What I’m Thinking I wandered into my local Boston Market recently as the woman behind the counter was on the phone trying to contact the Nassau County Board of Health. It was after five and no one answered her call. She explained to me that there was a dead bird outside the place and even though this was three weeks after the Great Long Island Mosquito Scare of ’99 she felt it was her duty to report it. She went on to tell me how much she hates the sight of dead animals on the side of the road on her way to work. “I feel bad for them,” she said. “Once, I even nursed a bird back to health. I hate to see animals suffer.” All the while behind her were something like 35 chickens with skewers up their rumps, slowly turning in the rotisserie. I couldn’t help but point out, “This whole place is filled with dead birds!”
She just shrugged and said, “Oh, that’s different.”
For her, for most of us, when it comes to food we find it very easy to compartmentalize our feelings. We talk to our parakeets and then rip apart a barbecued chicken. In the U.S. we are spared the details. Our meat comes neatly shrink-wrapped; the butcher does his dirty deeds out back. In Europe, they hang the slaughtered animals upside down, split open and in your face.
I’ll admit that it seems a bit unfair for a meat-eater to review a vegetarian restaurant. However, while I may not be able to rate all the dishes as well as a full-time vegetarian could, I can tell you whether something tastes good or not. And whether someone who is trying to eat healthier will like this place. After all, the owner of Beans & Greens claims right there on the take-out menu that most of its customers are not vegetarian.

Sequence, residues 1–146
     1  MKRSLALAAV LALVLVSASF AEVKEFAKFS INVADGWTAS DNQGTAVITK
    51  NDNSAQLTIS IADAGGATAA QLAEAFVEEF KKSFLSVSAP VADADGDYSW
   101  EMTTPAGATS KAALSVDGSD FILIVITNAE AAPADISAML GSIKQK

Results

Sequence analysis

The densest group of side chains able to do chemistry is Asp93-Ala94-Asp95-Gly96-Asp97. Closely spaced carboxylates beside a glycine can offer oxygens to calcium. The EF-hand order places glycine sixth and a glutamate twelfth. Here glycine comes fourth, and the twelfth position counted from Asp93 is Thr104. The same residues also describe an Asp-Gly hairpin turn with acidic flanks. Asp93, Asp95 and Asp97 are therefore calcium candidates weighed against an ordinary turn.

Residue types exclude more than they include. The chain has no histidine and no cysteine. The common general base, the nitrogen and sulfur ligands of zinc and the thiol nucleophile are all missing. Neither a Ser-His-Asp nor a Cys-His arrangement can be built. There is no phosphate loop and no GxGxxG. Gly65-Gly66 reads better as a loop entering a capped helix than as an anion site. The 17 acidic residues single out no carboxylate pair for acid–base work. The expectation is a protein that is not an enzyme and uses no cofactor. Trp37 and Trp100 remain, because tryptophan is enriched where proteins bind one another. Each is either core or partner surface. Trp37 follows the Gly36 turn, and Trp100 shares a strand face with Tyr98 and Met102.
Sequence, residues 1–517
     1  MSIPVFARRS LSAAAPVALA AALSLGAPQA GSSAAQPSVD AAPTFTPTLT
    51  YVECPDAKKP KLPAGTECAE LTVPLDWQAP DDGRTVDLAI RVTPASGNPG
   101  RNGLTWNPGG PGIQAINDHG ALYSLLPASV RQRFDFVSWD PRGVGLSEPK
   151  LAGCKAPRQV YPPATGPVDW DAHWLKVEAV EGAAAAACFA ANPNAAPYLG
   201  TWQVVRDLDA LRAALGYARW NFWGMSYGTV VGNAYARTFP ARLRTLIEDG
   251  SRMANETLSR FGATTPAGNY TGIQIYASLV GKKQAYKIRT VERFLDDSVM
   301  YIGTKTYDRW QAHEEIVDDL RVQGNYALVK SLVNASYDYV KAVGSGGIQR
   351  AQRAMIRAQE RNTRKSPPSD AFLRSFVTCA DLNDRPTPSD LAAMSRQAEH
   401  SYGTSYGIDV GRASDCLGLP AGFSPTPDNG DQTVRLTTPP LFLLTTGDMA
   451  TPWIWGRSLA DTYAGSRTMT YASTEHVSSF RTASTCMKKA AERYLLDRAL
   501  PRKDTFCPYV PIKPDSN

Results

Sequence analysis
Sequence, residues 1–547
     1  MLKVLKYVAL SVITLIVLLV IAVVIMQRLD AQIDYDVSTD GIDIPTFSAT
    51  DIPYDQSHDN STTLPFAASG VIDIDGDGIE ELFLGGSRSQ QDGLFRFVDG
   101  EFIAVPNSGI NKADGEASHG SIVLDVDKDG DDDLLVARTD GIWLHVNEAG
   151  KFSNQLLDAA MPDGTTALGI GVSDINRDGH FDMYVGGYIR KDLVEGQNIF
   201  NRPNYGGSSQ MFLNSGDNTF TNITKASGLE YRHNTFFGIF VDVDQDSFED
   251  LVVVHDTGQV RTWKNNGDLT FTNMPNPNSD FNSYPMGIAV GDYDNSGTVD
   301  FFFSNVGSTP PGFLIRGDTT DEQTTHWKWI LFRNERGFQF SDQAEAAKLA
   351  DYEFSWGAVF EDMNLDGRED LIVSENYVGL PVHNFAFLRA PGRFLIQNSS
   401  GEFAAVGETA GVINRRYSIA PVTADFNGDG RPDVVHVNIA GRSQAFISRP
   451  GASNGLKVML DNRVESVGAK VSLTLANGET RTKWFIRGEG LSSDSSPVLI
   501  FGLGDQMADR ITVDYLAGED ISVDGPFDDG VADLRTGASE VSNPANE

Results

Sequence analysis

Casing the Joint Beans & Greens opened earlier this year, a refuge for vegans. The artsy hotbed of suburban post-hippiedom here in the Village of Huntington is made to order for this place. More a health-food bar than a restaurant, you order from a blackboard of specials over the counter and check out the food right there in front of you. There are three high tables with stools and a long counter. Propaganda on the wall is highlighted by a poster quoting Albert Einstein: “Nothing will benefit human health and increase chances for survival on Earth as much as the evolution to a vegetarian diet.”
What We Ate There is a rotating menu of more than 60 choices of various salads, soups and entrees, of which two or three of each are available each day. Tofu Teriyaki ($4.99) is whole tofu slabs, or cutlets, as they call them, sautéed with ginger, garlic and teriyaki sauce. It doesn’t come with any bread and isn’t as tasty as similarly prepared bean curd I’ve had at several Japanese restaurants. Both veggie burgers ($4.99), the Millet Sunflower Burger and the Tofu Brown Rice Burger, come on multigrain bread with julienne carrots and bean sprouts. The tofu burger stays together a lot better than the millet burger, which tends to fall apart as you eat it. Both are satisfying. Different dressings, including tahini, are available. The grilled Portabella mushroom sandwich on Italian bread ($5.99) is one of the better ones I’ve had.
Organic coffee is served with your choice of soy or rice milk.
I wonder how many kids get talked into the Mini-Tofu Bake hero ($3.99) on the kids menu. The alternative is an organic PB&J sandwich ($3.99). Both come with a box drink and bag of chips.
Carnivore Alert Welcome to your nightmare. Those meat-eaters who get dragged in here by friends or relatives are going to have to be good sports. This is vegan cuisine at its most Spartan. If they’re on the menu that day try the vegetable chili ($5.99) or red bean burrito ($3.99). They may not taste as authentic as what you’ll find in a Mexican place, but the ingredients are certainly healthier. You probably won’t be as happy as your healthier brethren with the tofu “meatballs” ($4.99).
Cavity Patrol All cakes, muffins and cookies are baked using only organic spelt flour. Everything is sweetened with apple juice, organic maple syrup or brown rice syrup. I had a carrot-raisin muffin ($2.25) that was almost sweet enough and an oatmeal-raisin cookie that was thick and chewy.
Damage That priceless feeling that you’ve done something good for your body will cost you around $10.
This article from the Village Voice Archive was posted on November 16, 1999